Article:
For any major changes to occur in an organization, and be successful, there are certain trends that need to be adopted by the involved members. These trends include among others:
- Effective and motivational leadership: – Organizations need to motivate their employees to work with enthusiasm altogether. If the management is not motivated, chances are that the employees would not be motivated, as well (Randall, 2004, p.80). The management has the responsibility of boosting the employees’ morale coupled with engaging them to drive their strategies into actions to produce the intended results.
- Strategy formulation: – It enables management to exploit various opportunities and manage threats in the environment, in light of corporate strength and weaknesses. Employees can also learn from the formulated strategies (Viljoen, 1997, p.121). By so doing, the management ensures that all the executed actions are pulling in the same direction, towards achieving the intended goals. A company, which does not have a strategy, lacks vision.
- Create a team; – When management has already formulated its strategies, it has to build teams that will initiate the changes (Stace & Dunphy ,1998, p.176). These teams should include the most passionate and committed staff members in the organization and a few outside sources. The team should be manageable; it should include the right number of individuals or else the process will be too hard to be executed effectively.
- Bring about change; – Change is inevitable to an organization as it is a key aspect in the development and achievement of organizational goals and objectives. Achieving real and enduring change is a difficult task (Miller, 1998, p. 40); therefore, the management should critically analyze the organization and decide whether it is satisfied with its current position. Change management and evaluation is a subset of strategy.
- Create a good working environment; – A manager is almost guaranteed good results from his/her employees in the day-to-day activities, by creating a good working environment. Employees are empowered when allowed to make decisions freely without people breathing down their necks (Mitchell, 1978, p.64). Moreover, employees are able to take responsibility for their actions. Therefore, managers should encourage social interaction between colleagues; these interactions underscore how employees generate ideas and get to know more about each other and their roles in the organization.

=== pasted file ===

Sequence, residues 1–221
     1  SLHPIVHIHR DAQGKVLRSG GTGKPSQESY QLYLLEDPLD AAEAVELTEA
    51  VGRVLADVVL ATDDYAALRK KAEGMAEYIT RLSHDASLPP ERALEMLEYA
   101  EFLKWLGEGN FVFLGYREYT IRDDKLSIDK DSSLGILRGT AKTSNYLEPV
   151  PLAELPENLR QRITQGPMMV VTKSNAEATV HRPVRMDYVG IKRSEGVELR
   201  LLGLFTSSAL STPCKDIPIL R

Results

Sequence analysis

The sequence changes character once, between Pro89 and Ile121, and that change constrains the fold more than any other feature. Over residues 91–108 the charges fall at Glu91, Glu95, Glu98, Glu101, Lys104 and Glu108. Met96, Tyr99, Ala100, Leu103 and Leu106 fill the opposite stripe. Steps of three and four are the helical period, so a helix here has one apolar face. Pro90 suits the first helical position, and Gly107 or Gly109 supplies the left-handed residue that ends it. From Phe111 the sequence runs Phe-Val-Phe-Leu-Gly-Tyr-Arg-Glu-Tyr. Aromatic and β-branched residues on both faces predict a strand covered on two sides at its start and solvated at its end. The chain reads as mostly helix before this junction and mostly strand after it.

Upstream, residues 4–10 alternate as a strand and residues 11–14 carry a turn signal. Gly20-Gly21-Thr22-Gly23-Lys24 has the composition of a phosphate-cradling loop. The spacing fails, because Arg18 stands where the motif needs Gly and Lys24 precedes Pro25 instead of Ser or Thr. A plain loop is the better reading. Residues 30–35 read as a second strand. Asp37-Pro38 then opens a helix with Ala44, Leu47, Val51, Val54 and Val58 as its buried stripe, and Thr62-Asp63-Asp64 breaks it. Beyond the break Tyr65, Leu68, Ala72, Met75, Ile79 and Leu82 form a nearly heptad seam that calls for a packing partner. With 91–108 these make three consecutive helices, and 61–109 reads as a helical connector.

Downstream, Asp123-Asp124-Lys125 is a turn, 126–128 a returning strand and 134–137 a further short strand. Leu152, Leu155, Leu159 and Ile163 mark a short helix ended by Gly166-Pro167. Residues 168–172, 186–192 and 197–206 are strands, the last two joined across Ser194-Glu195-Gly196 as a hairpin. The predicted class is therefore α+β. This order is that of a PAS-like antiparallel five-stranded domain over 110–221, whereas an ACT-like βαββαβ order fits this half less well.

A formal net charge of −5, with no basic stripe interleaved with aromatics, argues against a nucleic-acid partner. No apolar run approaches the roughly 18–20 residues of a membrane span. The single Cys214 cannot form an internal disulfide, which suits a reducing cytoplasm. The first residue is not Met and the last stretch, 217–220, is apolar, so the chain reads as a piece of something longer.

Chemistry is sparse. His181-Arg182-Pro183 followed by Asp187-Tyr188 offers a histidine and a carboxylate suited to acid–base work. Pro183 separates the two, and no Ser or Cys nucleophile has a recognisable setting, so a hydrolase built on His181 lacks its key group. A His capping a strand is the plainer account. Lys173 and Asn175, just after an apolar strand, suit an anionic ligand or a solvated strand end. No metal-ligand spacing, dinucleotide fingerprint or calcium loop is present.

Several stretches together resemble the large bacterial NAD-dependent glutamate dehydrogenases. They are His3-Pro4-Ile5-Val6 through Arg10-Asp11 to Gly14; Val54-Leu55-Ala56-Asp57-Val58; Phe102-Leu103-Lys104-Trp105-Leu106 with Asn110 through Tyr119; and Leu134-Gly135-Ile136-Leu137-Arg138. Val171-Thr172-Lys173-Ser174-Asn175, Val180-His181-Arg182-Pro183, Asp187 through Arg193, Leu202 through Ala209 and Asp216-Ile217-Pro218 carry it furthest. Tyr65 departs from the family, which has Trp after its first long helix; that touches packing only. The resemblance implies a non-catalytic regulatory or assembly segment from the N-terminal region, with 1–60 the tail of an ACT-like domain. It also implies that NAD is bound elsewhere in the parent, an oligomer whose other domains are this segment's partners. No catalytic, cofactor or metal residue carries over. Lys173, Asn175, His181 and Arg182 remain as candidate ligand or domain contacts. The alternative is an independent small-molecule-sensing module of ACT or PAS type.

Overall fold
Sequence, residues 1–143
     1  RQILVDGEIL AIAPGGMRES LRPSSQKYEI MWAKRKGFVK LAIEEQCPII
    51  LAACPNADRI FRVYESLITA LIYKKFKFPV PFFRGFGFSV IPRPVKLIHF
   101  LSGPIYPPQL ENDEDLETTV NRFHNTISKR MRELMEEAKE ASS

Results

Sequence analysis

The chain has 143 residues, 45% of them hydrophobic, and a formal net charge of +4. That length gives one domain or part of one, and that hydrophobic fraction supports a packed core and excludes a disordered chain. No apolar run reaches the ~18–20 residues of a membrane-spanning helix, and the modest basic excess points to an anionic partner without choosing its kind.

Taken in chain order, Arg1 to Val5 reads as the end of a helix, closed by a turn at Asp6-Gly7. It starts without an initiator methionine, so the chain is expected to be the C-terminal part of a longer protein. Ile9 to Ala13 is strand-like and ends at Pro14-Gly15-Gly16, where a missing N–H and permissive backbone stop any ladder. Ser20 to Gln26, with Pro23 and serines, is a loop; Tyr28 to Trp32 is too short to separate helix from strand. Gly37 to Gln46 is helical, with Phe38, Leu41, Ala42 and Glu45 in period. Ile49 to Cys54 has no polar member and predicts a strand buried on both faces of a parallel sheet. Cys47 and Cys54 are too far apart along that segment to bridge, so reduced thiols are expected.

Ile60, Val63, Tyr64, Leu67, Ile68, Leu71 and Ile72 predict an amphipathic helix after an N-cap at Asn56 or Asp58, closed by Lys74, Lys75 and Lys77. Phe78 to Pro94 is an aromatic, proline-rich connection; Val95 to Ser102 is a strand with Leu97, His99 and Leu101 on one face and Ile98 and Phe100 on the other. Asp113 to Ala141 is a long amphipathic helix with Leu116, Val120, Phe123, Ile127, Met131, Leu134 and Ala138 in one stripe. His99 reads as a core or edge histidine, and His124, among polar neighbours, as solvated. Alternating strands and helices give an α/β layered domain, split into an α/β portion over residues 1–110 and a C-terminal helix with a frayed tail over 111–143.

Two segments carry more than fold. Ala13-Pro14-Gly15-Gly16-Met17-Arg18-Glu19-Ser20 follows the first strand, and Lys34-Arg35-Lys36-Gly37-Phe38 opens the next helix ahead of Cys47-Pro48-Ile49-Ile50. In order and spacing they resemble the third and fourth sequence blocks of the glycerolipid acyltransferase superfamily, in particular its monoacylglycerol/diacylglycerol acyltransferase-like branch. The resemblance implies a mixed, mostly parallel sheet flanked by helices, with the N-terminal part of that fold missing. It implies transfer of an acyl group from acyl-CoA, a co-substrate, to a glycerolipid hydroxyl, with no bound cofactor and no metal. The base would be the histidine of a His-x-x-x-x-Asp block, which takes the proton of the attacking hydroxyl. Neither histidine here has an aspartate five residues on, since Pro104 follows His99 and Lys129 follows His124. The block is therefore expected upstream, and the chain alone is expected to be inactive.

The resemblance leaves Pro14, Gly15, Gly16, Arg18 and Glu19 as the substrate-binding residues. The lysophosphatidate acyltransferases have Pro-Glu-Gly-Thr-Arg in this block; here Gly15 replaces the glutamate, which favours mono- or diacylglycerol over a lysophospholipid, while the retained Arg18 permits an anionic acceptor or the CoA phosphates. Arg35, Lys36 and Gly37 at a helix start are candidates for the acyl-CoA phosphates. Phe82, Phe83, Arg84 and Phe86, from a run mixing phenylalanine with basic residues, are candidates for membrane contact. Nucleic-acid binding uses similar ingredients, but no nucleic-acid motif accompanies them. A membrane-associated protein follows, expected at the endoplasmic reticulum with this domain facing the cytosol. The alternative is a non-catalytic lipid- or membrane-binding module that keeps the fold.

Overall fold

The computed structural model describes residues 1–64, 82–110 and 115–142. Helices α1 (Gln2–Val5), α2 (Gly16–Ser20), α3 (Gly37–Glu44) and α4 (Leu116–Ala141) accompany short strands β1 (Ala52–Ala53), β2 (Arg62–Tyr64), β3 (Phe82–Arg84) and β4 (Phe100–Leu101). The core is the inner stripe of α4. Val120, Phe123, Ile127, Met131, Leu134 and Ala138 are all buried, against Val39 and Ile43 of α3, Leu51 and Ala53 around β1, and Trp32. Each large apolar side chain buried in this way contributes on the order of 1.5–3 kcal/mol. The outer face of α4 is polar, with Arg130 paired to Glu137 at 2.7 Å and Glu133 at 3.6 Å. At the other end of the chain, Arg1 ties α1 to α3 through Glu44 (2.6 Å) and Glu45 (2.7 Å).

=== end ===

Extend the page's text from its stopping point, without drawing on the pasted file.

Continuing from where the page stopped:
Jackson was right to let go of Dennis; it shows that the company did not value people undermining each other. However, it was wrong for him to impose his opinion on the rest of the staff when he did not know whether they were against the implementation.
When Dennis yelled at Mary, she did not respond rudely. On the contrary, she showed her uttermost respect for authority by referring to him as “sir”. In addition, she kept calm and went on with the debriefing. Her decision to keep quiet was the right thing to do. However, instead of rushing to Joseph, she should have approached Dennis after he calmed down. This would offer a good opportunity for Mary to establish if there was anything wrong with Denis. Maybe personal issues that she did not know about influenced his reaction at that time; maybe he was just depressed.
Burnes, B. (1996). Managing Change: A Strategic Approach to Organizational Dynamics. London: Pitman Publishing.
Miller, A. (1998). Strategic Management. Boston: McGraw Hill.
Mitchell, T. (1978). People in Organizations:Understanding their bahaviour. Kogakusha: McGraw-Hill.
Randall, J. (2004). Managing Change/Changing Managers. London: Routledge.
Stace, D., & Dunphy, D. (1998). Beyond the Boundaries,Leading and Recreating the Successful Enterprise. Sydney: MC-Graw Hill.
Viljoen, J. (1997). Strategic Management, Planning and Implementing Successful Corpoprate Strategies. Melbourne: Longman.